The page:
The Twin Cities area in Minnesota has some data centers using aspects of data center information management (DCIM) and consultants heralding it. Only a few companies are actually developing tools, according to Finance & Commerce.
In 2013 the world’s data centers were responsible for 2 percent of global carbon emissions, according to the Department of Energy. And while nearly 6 million servers a year are installed, at least 10 percent of them are consuming power even though they are not in use, according to statistics from the Beaverton, Org.-based Green Grid. DCIM monitors, measures and manages cooling and power use in data centers.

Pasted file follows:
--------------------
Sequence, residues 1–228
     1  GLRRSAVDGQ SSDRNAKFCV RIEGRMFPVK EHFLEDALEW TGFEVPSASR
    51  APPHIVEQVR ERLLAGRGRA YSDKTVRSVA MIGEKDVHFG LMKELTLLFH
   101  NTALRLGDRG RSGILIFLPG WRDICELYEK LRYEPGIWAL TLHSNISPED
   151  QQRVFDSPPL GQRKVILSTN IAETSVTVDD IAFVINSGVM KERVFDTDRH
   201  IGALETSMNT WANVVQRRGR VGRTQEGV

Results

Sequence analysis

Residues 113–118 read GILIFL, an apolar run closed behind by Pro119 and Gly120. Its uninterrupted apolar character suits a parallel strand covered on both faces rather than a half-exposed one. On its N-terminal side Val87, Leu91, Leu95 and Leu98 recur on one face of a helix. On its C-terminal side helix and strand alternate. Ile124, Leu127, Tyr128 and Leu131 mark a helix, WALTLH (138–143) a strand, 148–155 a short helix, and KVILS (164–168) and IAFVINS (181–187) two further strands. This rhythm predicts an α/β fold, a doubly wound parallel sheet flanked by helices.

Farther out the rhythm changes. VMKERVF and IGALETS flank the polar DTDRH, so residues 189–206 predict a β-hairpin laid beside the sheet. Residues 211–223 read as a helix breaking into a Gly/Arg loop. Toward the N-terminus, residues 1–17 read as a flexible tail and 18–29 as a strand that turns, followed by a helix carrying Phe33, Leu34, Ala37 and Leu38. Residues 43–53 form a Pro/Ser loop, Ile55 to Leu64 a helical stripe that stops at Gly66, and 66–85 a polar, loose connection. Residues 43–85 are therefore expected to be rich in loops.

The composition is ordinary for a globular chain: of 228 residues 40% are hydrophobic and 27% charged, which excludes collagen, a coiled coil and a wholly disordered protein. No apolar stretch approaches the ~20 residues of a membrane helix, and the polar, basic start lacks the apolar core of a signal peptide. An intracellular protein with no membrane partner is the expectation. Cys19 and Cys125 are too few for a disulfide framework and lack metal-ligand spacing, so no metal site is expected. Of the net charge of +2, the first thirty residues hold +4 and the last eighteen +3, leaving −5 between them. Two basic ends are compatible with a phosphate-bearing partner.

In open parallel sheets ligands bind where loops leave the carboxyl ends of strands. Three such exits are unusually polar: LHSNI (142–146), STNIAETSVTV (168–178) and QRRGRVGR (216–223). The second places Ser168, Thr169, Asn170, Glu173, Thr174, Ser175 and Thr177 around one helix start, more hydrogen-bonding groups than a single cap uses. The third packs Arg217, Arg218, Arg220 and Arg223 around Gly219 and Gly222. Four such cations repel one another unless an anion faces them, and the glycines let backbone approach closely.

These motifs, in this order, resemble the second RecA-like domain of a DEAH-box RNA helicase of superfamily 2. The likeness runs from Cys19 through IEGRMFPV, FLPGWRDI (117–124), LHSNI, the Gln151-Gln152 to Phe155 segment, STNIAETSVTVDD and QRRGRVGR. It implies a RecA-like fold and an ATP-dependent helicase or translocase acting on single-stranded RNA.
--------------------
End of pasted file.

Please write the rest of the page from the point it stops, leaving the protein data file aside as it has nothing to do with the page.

A recent report by Navigant Research predicts annual spending on DCIM software and services will jump from $663 million in 2013 to more than $4.5 billion globally in 2020.
DCIM combines software and well-designed hardware installations to tweak energy efficiency to its fullest potential, but does not automatically decrease power usage.
Another reason for DCIM’s growth is that data centers have become increasingly dense with servers, requiring tighter control of the environment. Each rack requires 5 to 12 kilowatts, four to six times as many as just a few years ago. Bad power management — wasting power on cooling too much or too little, or mishandling humidity control — ends up costing money.
Many of the problems he sees in data centers involve overcooling of areas, humidity problems, and poor mixing of cool and hot air. Clients also want to hang on to older servers because they’ve paid for them even though they use four to 10 times as much power as newer models.